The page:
I argue that animal rights, along with no-kill shelters, unscientific vaccination, animal activism, and “medical training” of pets to lessen the stress of manipulations, for example, is one of the ways our society validates the use of animals as a commodity.
Indeed, mankind is clever at finding ways to rationalize and put a smile on this and all self-serving, unnecessary, wasteful, cruel, and aggressive exploitations of those we metaphorically call our children.
In a world of consumers, everything has a price, including peace of mind.
While the emancipation of women and blacks makes sense, the same cannot be said about the emancipation of domesticated animals. From their cognitive perspective, emancipation within the status quo is meaningless. No domesticated animal will ever be free to exercise his rights. An emancipated domestic animal is by definition a contradiction in terms, an oxymoron.
Lawyer Anne-Marie Bourgeois Sohm, lecturer at the Faculty of Law of Clermont-Ferrand, France, is clear that the need to give rights to domesticated animals is a false one:
Would this change [giving rights to animals] really make a difference in the animal condition? Would the end justify the problems caused by the change in our traditional legal structure? We must, alas, answer in the negative. The animal, the beneficiary of such rights, can never exercise them, it is his master, or a body authorized to do so in its place, which does so. However, in the present context, it is already the case. (1)
In the context of our legal systems, animals will always come last. We all know it is easier to write laws than to enforce them. Where will we get the resources to do so? Will we have a special animal brigade, the equivalent of the Miami vice squad? Come on.
The best example is the multiplication of violent crimes in our society, or the persistence of behaviors contrary to the law, like drug usage, pedophilia, and prostitution, despite stricter laws, closer surveillance, and more and more severe punishments. The difficulty involved in getting people to treat animals decently is less surprising when we look at how people behave towards each other.
Putting the focus on animal rights will serve only to make lawyers richer and animal activists more passionate.
Furthermore, by perpetuating the fallacies described in this blog, animal rights - and adoption for that matter - does more to nullify the wanted effect of saving animals and to amplify the dreaded effect of consumerism, with all its inseparable atrocities. The equivalent would be like paying a ransom to terrorists for a hostage; we don't do it because we know it just feeds the problem viciously. So we sacrifice a few for the common good. It makes a lot of sense.
The intention is undoubtedly sincere in a number of people who are truly concerned for good reasons by animal suffering, but it is legitimate to ask if this will to humanize animals is not diverted from its true purpose for business and ideological reasons in order to prevent any hindering to consumption and to impose on the public ideas and customs contrary to the laws of nature and common sense.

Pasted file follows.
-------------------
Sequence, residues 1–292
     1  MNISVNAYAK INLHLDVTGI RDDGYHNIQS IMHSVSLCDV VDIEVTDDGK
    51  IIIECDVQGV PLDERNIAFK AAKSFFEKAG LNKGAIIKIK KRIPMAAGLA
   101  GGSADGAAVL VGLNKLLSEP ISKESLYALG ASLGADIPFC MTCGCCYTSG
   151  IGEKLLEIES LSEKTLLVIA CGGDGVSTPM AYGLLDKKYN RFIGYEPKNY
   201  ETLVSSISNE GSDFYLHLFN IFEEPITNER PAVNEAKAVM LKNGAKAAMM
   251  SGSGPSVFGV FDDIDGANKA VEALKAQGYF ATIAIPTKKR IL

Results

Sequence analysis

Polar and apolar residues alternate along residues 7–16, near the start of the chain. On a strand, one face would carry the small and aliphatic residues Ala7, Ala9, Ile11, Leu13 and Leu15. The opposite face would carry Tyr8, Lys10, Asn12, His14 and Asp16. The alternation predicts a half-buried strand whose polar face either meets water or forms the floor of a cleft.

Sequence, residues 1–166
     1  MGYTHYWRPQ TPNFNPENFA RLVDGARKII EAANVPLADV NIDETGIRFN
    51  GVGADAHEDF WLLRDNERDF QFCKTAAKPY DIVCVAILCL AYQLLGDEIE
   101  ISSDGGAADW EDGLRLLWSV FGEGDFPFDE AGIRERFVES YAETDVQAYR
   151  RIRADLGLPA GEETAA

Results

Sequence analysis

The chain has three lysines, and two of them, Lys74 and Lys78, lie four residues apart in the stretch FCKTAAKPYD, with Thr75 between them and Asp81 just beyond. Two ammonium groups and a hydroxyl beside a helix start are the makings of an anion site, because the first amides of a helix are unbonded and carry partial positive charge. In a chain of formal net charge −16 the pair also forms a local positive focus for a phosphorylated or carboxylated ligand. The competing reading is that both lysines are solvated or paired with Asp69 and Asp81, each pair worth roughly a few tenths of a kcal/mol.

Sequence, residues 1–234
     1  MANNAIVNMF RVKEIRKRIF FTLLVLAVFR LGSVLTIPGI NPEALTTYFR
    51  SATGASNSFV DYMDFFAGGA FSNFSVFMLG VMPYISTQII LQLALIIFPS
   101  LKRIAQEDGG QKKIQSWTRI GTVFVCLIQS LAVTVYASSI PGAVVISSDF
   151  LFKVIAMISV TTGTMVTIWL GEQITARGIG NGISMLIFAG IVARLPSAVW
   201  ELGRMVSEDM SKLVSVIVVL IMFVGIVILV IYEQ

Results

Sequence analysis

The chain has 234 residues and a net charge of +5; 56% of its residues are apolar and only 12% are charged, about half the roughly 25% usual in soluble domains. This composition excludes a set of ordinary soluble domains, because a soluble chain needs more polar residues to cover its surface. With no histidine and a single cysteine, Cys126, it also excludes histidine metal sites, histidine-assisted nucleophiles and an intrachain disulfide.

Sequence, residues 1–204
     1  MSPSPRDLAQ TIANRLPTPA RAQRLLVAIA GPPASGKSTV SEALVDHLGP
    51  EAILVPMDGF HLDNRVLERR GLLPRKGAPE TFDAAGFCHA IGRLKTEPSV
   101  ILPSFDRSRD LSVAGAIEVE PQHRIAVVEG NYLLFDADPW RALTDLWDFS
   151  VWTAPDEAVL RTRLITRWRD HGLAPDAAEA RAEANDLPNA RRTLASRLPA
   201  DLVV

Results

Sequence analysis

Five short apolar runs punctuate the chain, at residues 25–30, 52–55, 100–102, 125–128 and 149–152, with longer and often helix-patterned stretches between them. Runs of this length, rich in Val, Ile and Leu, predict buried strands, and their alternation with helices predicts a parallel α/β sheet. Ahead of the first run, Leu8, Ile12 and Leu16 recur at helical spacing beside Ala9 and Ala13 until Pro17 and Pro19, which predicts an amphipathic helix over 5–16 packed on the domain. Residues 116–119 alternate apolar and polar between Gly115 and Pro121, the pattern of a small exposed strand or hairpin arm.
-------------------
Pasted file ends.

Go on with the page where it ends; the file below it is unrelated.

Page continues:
The industry and animal rights advocates, which are a kind of fifth column financed by private donors and the wealthy multinationals that control the market, are seeking, for example, to pass a bylaw that would prevent Quebec apartment building owners not only to prohibit pets, but to expel the owners of delinquent pets.
Is this really out of goodness of the heart? There’s reason to doubt it, as no action to help animals where it really counts, at the root, is truly taken. For understandable reasons, from a commercial point of view, all the preventive and corrective measures taken are aimed at issues adversely affecting demand, consumerism, and serving at the same time to inflate sales of the many services offered by this commercial sector such as dog training, psychological assessments, etc.
In other words, just as certain countries use human rights and democracy to invade and destroy countries that don't think or behave the required way or to impose by force on their citizens unpopular policies, such as massive immigration, multiculturalism, and globalization, animal rights activists and other animal activists use a humanistic and progressive rhetoric to silence all criticism and impose and defend practices and ideas that are not in the interest of the public, animals, and the environment.
Emancipation of domestic animals within the status quo may be meaningless, as explained above, but emancipation for animals in general would have meaning only if it referred to granting animals the right to live out their lives without interference or exploitation.
This would mean the end of domestication and thus pets.
Budiansky, Stephen (1998). If a lion could talk. The Free Press.
Bernardina, Sergio Dalla (2006). « Épilogue en forme de satire. Du commerce avec les bêtes chez les Terriens civilisés. » L’éloquence des bêtes. Métaillé.
Hoffer, Eric (1951). The true believer. Thoughts on the nature of masse movements. Harper and Row.
West, Patrick (2004). Conspicuous compassion. Why sometimes it’s really cruel to be kind. Civitas.
Anne-Marie Sohm-Bourgeois (1990). La personnification de l’animal: une tentation à repousser. Recueil Dalloz Sirey, 7e Cahier.